FIRING THE KILN CASTING
The process of firing the casting is basically the same, regardless of
whether you fill the mold using loose frit, pate de verre or a crucible drip. In
general, you follow the same basic procedures and steps as heating for fusing
and slumping, except that the thickness of the glass and mold generally dictate
slower heating and cooling times. It's also very important to recognize that
the mold can crack during firing, so extra care should be taken to ensure that
everything stays intact.
A good rule of thumb for how fast to heat is to increase the temperature
around 300 degrees per hour for each inch of the casting. It never hurts to go
slower than this, and you can sometimes go faster, but faster heating schedules
run the risk of thermal shocking the glass or mold.
It's generally a good practice to soak for half an hour or so at around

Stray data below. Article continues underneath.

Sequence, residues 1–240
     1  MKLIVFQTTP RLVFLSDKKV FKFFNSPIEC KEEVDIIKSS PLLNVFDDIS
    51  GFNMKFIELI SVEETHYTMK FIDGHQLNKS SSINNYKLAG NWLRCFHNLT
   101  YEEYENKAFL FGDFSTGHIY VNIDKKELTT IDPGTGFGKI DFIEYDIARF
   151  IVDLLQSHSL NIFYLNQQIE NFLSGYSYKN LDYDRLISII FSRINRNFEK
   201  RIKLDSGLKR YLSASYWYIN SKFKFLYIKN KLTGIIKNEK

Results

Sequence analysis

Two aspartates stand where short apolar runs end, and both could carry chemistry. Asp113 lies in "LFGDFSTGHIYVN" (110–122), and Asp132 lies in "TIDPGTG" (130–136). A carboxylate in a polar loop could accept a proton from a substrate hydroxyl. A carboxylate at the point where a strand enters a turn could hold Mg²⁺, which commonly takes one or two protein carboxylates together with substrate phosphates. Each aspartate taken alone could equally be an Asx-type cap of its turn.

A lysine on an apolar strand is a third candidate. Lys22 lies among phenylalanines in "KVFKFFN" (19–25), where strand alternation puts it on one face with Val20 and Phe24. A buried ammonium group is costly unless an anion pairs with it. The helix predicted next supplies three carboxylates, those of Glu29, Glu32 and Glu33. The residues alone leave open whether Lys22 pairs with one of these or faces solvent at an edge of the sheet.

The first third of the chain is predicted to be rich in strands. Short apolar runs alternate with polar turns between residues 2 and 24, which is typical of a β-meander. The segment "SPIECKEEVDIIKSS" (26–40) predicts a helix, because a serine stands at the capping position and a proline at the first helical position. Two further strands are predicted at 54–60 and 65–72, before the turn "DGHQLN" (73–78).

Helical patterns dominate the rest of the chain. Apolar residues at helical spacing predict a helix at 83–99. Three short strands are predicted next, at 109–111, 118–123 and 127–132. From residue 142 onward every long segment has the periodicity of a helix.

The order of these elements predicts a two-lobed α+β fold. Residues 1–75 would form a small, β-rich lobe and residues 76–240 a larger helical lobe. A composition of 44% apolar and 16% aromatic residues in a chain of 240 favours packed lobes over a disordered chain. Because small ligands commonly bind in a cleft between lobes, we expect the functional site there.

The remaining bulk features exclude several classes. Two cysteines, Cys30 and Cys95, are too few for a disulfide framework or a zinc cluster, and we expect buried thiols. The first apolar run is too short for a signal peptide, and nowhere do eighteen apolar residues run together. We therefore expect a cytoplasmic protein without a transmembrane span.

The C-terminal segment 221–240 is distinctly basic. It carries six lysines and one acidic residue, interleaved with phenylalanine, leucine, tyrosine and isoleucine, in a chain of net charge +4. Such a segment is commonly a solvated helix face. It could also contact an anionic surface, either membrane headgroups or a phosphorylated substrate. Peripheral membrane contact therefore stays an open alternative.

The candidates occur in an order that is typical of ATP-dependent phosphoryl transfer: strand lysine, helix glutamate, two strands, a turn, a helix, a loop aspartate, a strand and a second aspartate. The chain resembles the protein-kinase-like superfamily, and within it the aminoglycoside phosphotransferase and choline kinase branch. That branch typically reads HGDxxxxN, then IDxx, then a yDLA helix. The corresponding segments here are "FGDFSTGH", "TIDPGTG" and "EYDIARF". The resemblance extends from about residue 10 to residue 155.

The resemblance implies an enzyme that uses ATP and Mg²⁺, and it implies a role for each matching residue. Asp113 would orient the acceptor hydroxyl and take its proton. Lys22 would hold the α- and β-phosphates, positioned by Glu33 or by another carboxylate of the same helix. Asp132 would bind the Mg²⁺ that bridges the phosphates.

1200 degrees F, then continue more rapidly until full fuse temperature is
reached. For ordinary soda-lime glass (such as Bullseye and Uroboros) this is
around 1500 degrees F. Some artists prefer to soak at a temperature as much as
100-200 degrees F above full fuse; there are literally hundreds of different
ways to kiln cast - the right one is the one that works for you.
Once the casting temperature is reached, the casting needs to soak for a
while. How long depends on the thickness and shape of the mold and the size and
complexity of the item being cast. You'll need to experiment to find the right
length of time (start with half an hour to an hour for a simple casting). Take
comfort in knowing that you can re-fire if necessary. In addition, you can
always soak a bit longer than you think you need to just to make sure.
If you need to add more frit due to settling, just turn off the kiln, add the
frit, reheat to soaking temperature, then soak some more. This process can be
repeated several times if necessary.
to go to the next step in the Kiln Casting process, "Annealing and